Image: (left to right) Professors Johannes Lercher, TU Munich, Germany, Martin Muhler, University of Bochum, Germnay, Can Li, Dalian Institute of Chemical Physics and Chairman of International Association of the Catalysis Societies (IACS), China, Bert Weckhuysen, Utrecht University, The Netherlands, Michel Che, Universite P. et M. Curie, France, Avelino Corma, Universidad Polytechnica de Valencia, Spain,
Professor Bert Weckhuysen (center), Utrecht University, The Netherlands, has received the International Catalysis Award of the International Association of Catalysis Societies (IACS) for his pioneering development and use of spectroscopic methods to investigate heterogeneous catalysts at the micrometer and nanometer scale during their activation and function.
The award was presented at the 15th International Congress on Catalysis (ICC 2012) in Munich, Germany, where Weckhuysen delivered an award lecture called "Cataysis Live and Up Close: Heterogeneities in Space and Time". He began by saying that catalyst researchers are like detectives, always searching for who did it.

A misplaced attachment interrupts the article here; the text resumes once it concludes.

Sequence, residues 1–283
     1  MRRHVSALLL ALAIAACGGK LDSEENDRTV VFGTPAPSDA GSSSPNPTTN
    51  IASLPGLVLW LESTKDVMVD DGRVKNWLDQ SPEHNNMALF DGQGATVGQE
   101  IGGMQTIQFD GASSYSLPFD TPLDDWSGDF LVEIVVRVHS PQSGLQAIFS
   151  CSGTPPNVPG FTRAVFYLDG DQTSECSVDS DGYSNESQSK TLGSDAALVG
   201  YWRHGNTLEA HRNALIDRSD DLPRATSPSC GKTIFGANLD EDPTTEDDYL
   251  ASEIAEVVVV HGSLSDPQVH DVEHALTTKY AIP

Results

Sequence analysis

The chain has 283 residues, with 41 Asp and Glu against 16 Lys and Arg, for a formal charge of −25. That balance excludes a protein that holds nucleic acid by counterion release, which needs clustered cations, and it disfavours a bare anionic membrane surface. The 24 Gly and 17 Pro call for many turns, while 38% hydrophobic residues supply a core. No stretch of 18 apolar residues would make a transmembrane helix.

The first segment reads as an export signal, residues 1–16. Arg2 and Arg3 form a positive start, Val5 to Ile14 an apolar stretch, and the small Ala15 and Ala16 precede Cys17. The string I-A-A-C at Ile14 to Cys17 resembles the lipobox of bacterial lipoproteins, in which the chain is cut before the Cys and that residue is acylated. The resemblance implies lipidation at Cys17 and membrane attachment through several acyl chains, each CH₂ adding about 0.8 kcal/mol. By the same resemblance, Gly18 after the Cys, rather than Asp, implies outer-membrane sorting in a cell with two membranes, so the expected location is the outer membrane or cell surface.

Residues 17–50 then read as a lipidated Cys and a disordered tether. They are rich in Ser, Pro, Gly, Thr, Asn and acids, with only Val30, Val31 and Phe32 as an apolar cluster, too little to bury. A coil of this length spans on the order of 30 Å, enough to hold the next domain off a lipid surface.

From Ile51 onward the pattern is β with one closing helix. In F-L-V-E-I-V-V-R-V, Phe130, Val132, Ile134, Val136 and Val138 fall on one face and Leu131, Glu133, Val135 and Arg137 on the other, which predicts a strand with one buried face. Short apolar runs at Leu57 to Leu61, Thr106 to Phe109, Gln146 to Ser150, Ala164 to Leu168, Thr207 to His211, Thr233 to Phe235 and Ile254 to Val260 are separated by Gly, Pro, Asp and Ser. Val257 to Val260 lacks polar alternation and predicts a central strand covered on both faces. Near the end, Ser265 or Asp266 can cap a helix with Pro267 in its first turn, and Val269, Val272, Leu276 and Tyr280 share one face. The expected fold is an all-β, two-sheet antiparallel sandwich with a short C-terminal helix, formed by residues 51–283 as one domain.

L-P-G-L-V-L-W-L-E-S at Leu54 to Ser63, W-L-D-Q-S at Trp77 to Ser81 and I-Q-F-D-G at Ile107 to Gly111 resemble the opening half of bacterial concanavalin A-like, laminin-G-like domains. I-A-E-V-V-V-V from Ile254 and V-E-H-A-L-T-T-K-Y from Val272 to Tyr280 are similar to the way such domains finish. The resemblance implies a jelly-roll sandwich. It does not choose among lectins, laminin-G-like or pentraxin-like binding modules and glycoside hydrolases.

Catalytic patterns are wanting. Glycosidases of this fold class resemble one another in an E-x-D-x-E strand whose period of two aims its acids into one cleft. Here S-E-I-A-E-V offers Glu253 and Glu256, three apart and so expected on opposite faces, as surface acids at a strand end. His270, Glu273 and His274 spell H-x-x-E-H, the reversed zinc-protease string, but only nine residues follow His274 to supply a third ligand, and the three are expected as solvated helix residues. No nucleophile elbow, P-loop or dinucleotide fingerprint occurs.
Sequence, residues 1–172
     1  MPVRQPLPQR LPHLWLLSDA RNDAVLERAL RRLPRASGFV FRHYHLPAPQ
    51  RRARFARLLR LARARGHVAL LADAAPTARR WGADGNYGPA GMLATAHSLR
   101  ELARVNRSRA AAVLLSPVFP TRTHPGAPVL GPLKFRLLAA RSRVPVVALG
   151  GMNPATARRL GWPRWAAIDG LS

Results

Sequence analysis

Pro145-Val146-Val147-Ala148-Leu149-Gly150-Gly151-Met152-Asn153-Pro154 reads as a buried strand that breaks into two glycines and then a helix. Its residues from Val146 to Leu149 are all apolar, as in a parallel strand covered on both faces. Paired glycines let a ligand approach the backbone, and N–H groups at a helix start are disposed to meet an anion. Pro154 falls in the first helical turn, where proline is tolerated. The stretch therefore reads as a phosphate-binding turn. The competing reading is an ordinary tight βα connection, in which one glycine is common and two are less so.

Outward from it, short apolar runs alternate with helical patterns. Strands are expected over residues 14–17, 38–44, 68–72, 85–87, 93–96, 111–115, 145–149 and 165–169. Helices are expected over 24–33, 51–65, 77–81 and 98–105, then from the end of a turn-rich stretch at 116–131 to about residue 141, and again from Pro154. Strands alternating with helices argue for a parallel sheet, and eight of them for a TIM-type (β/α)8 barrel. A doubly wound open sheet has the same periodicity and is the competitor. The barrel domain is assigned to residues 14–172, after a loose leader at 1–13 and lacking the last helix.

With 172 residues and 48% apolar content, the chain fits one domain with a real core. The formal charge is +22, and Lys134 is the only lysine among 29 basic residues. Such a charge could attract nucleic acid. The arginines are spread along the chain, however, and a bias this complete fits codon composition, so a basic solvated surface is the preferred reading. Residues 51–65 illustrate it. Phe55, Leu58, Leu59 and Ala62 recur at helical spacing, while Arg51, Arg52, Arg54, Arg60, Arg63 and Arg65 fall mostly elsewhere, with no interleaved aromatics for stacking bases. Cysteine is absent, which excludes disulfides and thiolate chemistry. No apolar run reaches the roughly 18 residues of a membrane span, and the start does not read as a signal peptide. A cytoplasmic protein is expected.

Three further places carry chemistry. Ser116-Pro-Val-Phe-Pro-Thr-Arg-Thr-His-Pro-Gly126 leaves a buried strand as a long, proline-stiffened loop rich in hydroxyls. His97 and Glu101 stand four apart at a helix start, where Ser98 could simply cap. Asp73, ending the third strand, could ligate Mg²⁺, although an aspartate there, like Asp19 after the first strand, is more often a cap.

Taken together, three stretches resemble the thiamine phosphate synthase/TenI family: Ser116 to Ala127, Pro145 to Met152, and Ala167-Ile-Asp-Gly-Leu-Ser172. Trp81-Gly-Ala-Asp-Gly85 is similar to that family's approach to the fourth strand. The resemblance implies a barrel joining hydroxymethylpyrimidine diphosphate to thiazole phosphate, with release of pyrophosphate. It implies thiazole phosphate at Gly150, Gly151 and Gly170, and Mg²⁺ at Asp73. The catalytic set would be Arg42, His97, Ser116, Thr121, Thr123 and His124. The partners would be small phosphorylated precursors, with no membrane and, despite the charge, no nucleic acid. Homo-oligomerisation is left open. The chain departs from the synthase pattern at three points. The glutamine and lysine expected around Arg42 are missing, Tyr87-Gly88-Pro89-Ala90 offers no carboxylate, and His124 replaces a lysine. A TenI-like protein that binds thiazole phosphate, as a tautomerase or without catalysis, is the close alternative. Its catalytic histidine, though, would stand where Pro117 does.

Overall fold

Professor Bert Weckhuysen received his master degree in chemical and agricultural engineering from Leuven University, Belgium. After obtaining his Ph.D. from the same university in 1995, he worked as a postdoctoral fellow with Professor I. E. Wachs at the chemical engineering department of Lehigh University, USA, and with Professor J. H. Lunsford at the chemistry department of Texas A&M University, USA. From 1997–2000, he was a research fellow of the Belgian National Science Foundation working at Leuven University. Since 2000, Weckhuysen has been a full professor of inorganic chemistry and catalysis at Utrecht University, the Netherlands. In 2011, he received the Paul H. Emmett Award in Fundamental Catalysis from the North American Catalysis Society, and he is one of the chairmen of the Editorial Board of ChemCatChem.
Weckhuysen's research focuses on the development of structure-activity relationships and expert systems in the field of heterogeneous catalysis and materials science with special emphasis on the development and use of advanced in situ characterization techniques.
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